The only time this collaboration rises above the doldrums is on a cover of Ray Barretto’s 1972 cut ‘Right On’. Firstly, given Vargas’s musical background and time playing with Santana, he’s more than adept at salsa styles. Secondly, although the production and general rock posturing is still somewhat stodgy, the addition of horns gives things a lift. However, although it’s probably the best thing on this release, it’s still not great. Between them, Vargas, Bogert, Appice and Shortino manage to make Barretta’s once bustling Santana-esque tune sound a bit heavy-handed. Things are rounded out with takes on Beck, Bogert and Appice’s ‘Lady’ and ‘You Keep Me Hangin’ On’ (in the Vanilla Fudge mould, but still inferior). Neither are particularly inspiring, but at least Bogert and Appice have, at least, some small claim to these tunes.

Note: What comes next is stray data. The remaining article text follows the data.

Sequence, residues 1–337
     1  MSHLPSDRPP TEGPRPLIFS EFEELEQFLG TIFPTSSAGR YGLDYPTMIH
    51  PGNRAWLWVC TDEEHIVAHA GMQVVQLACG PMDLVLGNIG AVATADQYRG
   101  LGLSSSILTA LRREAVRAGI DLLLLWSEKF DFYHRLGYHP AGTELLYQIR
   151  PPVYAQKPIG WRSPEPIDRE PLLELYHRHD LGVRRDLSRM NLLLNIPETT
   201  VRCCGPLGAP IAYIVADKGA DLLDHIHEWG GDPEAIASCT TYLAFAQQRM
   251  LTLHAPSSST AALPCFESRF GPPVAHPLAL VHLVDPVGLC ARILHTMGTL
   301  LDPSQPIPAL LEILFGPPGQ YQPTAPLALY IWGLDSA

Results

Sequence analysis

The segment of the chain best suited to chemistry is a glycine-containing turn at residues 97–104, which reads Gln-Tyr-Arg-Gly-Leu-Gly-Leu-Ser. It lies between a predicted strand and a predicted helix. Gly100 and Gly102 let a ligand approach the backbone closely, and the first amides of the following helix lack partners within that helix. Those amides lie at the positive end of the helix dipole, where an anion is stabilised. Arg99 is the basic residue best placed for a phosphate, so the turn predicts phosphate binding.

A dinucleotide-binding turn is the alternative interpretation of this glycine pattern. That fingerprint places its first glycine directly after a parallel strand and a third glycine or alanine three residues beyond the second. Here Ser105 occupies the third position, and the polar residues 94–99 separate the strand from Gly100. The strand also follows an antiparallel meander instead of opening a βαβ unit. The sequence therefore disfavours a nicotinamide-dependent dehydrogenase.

Since the performances rarely rise above middling and the album comes with awful, awful production, this is only ever going to be of interest to a select few. While it’s likely Vargas, Bogert and Appice had fun making this record, it’s really not too much fun to listen to. Having said that, as bad as it is, it’s marginally better than Vanilla Fudge’s 2009 collection of Led Zeppelin covers, ‘Out Through The In Door’.
Carmine Appice is supposedly a well respected musician. In his sixth decade as a recording artist at the time of this album’s release, you have to wonder why he is so respected when so many of his career choices have been questionable. Oh well… Compared to this, at least some of the praise heaped upon that dodgy King Kobra record seems justified.